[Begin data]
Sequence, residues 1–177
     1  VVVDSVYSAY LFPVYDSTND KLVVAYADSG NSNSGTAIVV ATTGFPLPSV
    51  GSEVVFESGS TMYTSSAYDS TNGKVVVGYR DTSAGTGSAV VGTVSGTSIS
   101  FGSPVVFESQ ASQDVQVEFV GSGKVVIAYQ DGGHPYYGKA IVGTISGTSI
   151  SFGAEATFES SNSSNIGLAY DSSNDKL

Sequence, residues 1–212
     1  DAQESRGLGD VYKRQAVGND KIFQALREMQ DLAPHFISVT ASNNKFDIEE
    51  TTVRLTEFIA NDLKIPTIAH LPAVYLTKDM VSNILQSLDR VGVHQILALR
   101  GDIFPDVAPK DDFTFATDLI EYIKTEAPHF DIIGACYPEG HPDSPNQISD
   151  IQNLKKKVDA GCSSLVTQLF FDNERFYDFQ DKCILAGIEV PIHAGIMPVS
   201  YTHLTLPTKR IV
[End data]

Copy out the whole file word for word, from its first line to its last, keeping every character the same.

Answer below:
Sequence, residues 1–177
     1  VVVDSVYSAY LFPVYDSTND KLVVAYADSG NSNSGTAIVV ATTGFPLPSV
    51  GSEVVFESGS TMYTSSAYDS TNGKVVVGYR DTSAGTGSAV VGTVSGTSIS
   101  FGSPVVFESQ ASQDVQVEFV GSGKVVIAYQ DGGHPYYGKA IVGTISGTSI
   151  SFGAEATFES SNSSNIGLAY DSSNDKL

Sequence, residues 1–212
     1  DAQESRGLGD VYKRQAVGND KIFQALREMQ DLAPHFISVT ASNNKFDIEE
    51  TTVRLTEFIA NDLKIPTIAH LPAVYLTKDM VSNILQSLDR VGVHQILALR
   101  GDIFPDVAPK DDFTFATDLI EYIKTEAPHF DIIGACYPEG HPDSPNQISD
   151  IQNLKKKVDA GCSSLVTQLF FDNERFYDFQ DKCILAGIEV PIHAGIMPVS
   201  YTHLTLPTKR IV